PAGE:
All was well for a while. I rode the bike and only occasionally would someone try to steal it. But one early morning after I had worked through the night at a bar, I made to go home and found my bike lying on the side on the ground. The reason it wasn’t standing up was that someone had bent the stand. It was jutting out on the side, making it useless to lean the bike on. It also made it impossible to pedal and impossible for the back wheel to spin. It was 8 am and I had to half lead, half carry the bike home. I was silently praying that the next time someone would actually succeed in taking the goddamn bike so I wouldn’t have to fix it anymore.

Daddy once again came through for me and he helped me get rid of the old mangled stand and mount a new one. But I should have known things were only going to get worse. With a brand new stand that worked perfectly, I was riding the bike every day. And then one day it stopped dead in its tracks. The brakes suffered a catastrophic failure, but instead of just stop working, they locked completely, making it impossible to move the bike even an inch.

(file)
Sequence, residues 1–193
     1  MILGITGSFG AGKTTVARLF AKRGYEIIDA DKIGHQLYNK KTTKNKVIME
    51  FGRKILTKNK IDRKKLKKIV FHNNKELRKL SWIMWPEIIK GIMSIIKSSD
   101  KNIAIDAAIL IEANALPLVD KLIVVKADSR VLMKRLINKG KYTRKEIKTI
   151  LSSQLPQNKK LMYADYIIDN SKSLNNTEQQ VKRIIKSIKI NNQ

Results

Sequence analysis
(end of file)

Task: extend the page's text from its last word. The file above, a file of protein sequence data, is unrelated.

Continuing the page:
The first time it happened I was in the middle of a busy intersection. I had a green light and I was cruising through when the brakes suddenly slammed on. I was thrown against the handlebar when the bike came to a dead stop in the middle of the street, cars everywhere. I tried shuffling the bike forward a little, but the brakes were clamped down on the wheel so hard I couldn’t move it at all. I had to get off the bike and carry it from the intersection. Cars were blazing past, drivers giving me the finger, horns blaring. I later realized I probably should have been afraid carrying a bike through a busy intersection, but at the time all I could think of were the unspeakably evil things I wanted to do to my bike when I got home. I won’t say anything, but my fantasies included a chainsaw, a tub of acid and a clown.